Joachim Grenestedt's own two-seat plane is constructed with lightweight composite materials.
Joachim Grenestedt glanced both ways down the long road on Lehigh’s athletic campus, then strode back to his Go Kart in the empty parking lot.
Not a car in sight. The coast was clear.
Moments earlier, Grenestedt’s student had tested a new titanium brake caliper with a thin membrane that replaced all moving parts. After installing the caliper in the Go Kart, the student had gently coaxed the vehicle to 30 mph, then braked.
The caliper had held. Mission accomplished.
But Grenestedt saw greater potential in the new brake. Taking the controls of the Go Kart, he revved the engine and zoomed off around the parking lot. He hit 30 mph, 40, 50—and braked. Again, the caliper held. Grenestedt grinned and climbed out of the Go Kart.
Early to the water
Joachim Grenestedt, professor of mechanical engineering and mechanics at Lehigh, began building wooden boats when he was 4. Three years later, his family bought a yacht and explored the endless islands off Sweden’s Baltic coast. As a teenager, Grenestedt tried out catamarans and remote-control raceboats.
As an adult, Grenestedt has cultivated an appreciation for lightweight composite materials: carbon fibers, glass fibers and complex materials configured in honeycomb and sandwich patterns.
“Composite materials are very light, very strong and easy to make into complex shapes,” he says. “The lightness improves speed and fuel efficiency. And the material doesn’t rust or fall apart.”
In the 1990s, Grenestedt helped design the Visby
, a Swedish Navy stealth ship which, at 239 feet in length, was the largest carbon-fiber structure ever built.
A growing repertoire
In 2004, with funding from the Office of Naval Research (ONR), Grenestedt designed and built a 20-foot model of a new hybrid ship hull whose stainless-steel frame was covered by composite sandwich panels. The panels and the epoxy bonding them to the frame sustained loads up to 40 percent above design load.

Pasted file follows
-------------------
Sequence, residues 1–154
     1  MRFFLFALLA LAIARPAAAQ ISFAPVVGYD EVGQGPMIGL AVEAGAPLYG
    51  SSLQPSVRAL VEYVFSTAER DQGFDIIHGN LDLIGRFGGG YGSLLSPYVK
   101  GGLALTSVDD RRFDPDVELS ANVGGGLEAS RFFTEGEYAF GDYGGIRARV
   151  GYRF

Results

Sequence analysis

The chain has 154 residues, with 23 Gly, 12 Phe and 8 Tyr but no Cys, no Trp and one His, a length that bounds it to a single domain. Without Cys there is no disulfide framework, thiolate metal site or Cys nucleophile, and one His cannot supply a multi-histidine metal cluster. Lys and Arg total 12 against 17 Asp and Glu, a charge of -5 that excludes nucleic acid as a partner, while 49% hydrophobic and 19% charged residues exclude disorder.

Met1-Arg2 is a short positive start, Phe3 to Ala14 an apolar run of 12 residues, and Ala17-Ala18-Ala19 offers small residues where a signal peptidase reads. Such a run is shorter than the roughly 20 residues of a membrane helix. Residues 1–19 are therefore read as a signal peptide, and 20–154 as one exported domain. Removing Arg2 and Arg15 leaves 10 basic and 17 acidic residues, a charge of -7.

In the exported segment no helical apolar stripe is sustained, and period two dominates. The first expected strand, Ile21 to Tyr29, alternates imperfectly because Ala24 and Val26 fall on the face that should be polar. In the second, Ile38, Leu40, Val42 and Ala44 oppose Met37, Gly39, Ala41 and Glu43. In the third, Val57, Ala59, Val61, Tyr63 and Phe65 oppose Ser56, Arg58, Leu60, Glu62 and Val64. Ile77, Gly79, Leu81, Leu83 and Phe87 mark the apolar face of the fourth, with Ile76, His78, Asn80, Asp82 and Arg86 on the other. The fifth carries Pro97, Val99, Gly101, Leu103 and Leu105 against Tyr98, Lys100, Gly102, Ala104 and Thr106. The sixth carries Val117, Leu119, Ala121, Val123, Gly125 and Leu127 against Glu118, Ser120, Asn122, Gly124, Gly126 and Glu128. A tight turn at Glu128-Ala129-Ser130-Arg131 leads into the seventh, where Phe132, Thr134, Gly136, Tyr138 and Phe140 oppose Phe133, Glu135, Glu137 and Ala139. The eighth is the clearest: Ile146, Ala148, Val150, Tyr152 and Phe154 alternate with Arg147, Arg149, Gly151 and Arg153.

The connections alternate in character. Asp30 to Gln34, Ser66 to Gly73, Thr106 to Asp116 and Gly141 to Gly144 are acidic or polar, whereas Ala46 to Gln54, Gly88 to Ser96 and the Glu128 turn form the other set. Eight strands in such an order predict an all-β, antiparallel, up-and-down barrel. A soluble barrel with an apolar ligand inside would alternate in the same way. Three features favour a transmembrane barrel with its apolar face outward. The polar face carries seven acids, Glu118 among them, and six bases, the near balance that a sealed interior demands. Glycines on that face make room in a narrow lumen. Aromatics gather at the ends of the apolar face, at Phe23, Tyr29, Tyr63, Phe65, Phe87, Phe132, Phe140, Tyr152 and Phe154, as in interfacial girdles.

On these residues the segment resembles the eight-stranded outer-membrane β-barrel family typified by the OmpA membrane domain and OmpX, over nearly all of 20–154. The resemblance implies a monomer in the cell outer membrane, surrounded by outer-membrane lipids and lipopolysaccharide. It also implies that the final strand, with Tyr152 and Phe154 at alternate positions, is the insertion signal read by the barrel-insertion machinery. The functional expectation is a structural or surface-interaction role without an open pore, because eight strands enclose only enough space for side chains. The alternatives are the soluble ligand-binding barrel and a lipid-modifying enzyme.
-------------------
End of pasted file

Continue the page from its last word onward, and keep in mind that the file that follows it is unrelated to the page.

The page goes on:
Last year, Grenestedt tested a larger, 35,000-lb. hybrid hull specimen. Using Lehigh’s 5-axis CNC router, he built composite panels with a corrugated fiberglass “skin” infused over a foam core. These lightweight panels outperformed heavy, ½-inch-thick nonmagnetic stainless steel, as well as conventional (non-corrugated) composite sandwich panels.
“We subjected the specimen to 300,000 cycles of fatigue at loads up to 20-percent above design loads,” Grenestedt says. “A lot of cracks formed in the steel, but the lightweight composite sandwich panels remained intact.”
Grenestedt is now building a 28-foot-long high-speed boat with the same steel-composite hybrid concept. He and his students will fit the boat with a 425-hp V8 engine, then run it on the water at speeds of 70 mph.
“Nobody would commit to building a bigger ship using this hybrid concept until it has been tried in real seas,” he says.
The speed boat will also serve as a “slamming” test bed.
“Slamming is a hydrodynamic impact, wave against boat,” Grenestedt says. “It’s a random event that occurs at high speeds. We have not yet figured out how best to design against it, nor do we have computational capabilities sufficient to analyze it accurately.”
Grenestedt will test various materials—carbon and glass fibers, stiff and soft—in the boat’s bottom panels. He will test different asymmetrical configurations of the panels.
“By doing back-to-back comparisons, replacing panels as we go, we will see very quickly how each kind of panel behaves.”
Bound for Bonneville
Next year, Grenestedt will compete in the 125cc-engine category for landspeed racing “streamliner” motorcycles at the Bonneville Speedway in Utah. He is building a streamliner out of composite materials: prepreg carbon and glass fibers, vacuum-infused carbon fibers, wet-laid glass fibers, foam cores sandwich, honeycomb sandwich and single skin.
In a departure from convention, he is designing his streamliner to sit high off the ground, a fact he hopes will offer an aerodynamic advantage. He has tested a model of his design in Lehigh’s wind-tunnel lab to make sure it minimizes drag.
Just getting into the streamliner will be a challenge for Grenestedt, who is 6 feet, 4 inches tall. The streamliner is well under 4 feet high, and less than 2 feet wide at the driver’s shoulder.
“I’ll need to spend a few minutes stretching my neck and back before I squeeze myself into the ‘liner,” he says.
He fully expects to break the world record of 151 mph for a 125cc vehicle.
“It’s a big challenge to go that fast with such a small engine. But we’ve got a serious shot. I think I’ll get it—sooner or later.”
Photo by Douglas Benedict